That makes it sound a bit worse than it is. I adored Carey's treatment of dragons, the Chinese mentor develops into a bit less of a stereotype than he could have been, and the emotional connections Moirin forms in the last part of the book are as heartfelt and engaging as her connections elsewhere in the story. But this is not Carey's style of mythological reworking; sadly, parts of it could have come from any US or European novel that uses a simplified version of Chinese mythology for an exotic setting. It didn't ruin my enjoyment of the end of the book, but it bugged me. (And I'm dreading the possibility of the same treatment of Native Americans.)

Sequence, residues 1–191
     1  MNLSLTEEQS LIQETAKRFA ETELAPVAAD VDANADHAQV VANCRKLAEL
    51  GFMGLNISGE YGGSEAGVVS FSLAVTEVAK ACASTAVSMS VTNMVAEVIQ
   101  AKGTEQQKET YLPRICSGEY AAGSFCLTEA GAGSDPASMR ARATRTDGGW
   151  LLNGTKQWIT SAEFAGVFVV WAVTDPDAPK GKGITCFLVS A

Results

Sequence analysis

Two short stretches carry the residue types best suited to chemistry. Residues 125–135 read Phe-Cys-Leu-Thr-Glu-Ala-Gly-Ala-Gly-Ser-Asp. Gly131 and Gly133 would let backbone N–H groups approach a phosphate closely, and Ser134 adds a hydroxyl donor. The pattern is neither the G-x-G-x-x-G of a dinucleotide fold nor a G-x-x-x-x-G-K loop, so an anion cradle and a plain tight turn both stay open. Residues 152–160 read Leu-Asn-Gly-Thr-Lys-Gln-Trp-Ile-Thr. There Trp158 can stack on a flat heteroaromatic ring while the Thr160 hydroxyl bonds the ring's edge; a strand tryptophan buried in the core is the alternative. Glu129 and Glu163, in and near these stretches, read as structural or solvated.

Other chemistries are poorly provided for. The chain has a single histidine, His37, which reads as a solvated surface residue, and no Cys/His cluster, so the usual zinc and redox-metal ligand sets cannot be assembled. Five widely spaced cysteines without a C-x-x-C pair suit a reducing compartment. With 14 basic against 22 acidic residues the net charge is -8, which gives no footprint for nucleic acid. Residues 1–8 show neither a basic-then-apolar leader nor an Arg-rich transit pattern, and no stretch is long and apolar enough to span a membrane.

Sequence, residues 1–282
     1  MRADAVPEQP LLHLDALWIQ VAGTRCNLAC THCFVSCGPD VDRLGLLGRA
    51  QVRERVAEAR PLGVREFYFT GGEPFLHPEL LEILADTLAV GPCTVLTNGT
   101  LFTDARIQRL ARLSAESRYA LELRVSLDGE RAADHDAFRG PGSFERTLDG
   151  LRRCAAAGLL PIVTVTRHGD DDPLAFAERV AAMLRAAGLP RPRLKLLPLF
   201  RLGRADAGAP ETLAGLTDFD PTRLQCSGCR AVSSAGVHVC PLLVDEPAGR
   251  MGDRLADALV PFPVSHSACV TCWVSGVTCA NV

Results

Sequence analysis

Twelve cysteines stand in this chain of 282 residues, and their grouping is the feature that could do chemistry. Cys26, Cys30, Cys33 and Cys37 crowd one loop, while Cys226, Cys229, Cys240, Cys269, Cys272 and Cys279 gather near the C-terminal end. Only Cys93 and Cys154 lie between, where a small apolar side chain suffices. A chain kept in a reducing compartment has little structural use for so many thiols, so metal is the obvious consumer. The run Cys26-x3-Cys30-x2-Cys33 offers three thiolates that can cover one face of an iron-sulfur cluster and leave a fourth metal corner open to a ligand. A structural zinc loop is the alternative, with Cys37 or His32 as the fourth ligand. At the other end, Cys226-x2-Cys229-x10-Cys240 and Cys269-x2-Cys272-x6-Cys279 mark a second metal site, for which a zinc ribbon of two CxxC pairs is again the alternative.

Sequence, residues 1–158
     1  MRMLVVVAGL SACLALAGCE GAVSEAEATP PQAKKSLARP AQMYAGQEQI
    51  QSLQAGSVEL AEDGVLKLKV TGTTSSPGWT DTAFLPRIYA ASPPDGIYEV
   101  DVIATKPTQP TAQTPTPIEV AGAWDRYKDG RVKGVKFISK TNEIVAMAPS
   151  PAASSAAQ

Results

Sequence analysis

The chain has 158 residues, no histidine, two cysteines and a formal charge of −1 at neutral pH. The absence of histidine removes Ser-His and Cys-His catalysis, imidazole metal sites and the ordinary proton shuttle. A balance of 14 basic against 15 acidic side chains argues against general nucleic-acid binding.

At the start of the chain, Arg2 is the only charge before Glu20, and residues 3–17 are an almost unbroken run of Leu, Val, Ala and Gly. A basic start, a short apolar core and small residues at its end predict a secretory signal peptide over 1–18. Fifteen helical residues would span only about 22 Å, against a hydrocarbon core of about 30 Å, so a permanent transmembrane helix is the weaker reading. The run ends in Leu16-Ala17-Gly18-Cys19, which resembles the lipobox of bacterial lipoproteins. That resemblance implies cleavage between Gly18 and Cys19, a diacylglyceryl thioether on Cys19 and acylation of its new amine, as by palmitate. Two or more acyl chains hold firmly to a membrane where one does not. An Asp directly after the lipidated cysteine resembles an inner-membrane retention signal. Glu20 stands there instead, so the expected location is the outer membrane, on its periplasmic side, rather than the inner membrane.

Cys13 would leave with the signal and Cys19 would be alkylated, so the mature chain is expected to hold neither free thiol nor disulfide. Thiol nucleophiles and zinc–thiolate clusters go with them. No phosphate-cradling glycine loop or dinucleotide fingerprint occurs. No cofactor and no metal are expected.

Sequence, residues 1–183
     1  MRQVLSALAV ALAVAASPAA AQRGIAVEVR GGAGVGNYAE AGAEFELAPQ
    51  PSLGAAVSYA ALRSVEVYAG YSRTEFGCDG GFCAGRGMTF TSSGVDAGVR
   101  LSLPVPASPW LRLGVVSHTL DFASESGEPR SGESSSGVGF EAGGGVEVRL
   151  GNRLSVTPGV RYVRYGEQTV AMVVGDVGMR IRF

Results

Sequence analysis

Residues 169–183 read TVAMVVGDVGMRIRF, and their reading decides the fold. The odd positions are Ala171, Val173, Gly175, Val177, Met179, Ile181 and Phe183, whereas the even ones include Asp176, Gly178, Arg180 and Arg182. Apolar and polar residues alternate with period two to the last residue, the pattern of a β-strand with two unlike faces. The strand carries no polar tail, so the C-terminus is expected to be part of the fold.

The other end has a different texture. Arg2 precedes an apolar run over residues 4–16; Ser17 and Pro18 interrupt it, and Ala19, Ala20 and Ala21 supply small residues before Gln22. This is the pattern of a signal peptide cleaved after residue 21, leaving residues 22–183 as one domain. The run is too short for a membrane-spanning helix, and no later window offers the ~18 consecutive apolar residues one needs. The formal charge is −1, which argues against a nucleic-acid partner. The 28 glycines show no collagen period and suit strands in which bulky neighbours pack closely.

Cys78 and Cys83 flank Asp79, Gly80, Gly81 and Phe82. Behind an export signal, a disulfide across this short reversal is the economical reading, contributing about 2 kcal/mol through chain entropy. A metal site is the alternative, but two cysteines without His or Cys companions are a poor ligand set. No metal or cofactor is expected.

That one flaw aside, this is an excellent start to a new D'Angeline trilogy and a thoroughly enjoyable, engaging novel in its own right. It ends with a clear setup for the next book of the trilogy, but it reaches a satisfactory plot climax of its own and provided enough closure that I don't mind waiting for the next book. (It helps that Carey delivers them reliably while in the middle of a trilogy.) I doubt anyone is going to replace Phèdre as my favorite of all of Carey's characters, but Moirin is still a delight to read about. Highly recommended for anyone who enjoyed either of the previous trilogies, including those disappointed by Imriel's. If you're new to this universe, I still recommend starting with Kushiel's Dart, a better book than this one. But I doubt you'd be disappointed by Naamah's Kiss.

Followed by Naamah's Curse.

Rating: 9 out of 10

Reviewed: 2009-09-25

Last modified and spun 2014-12-21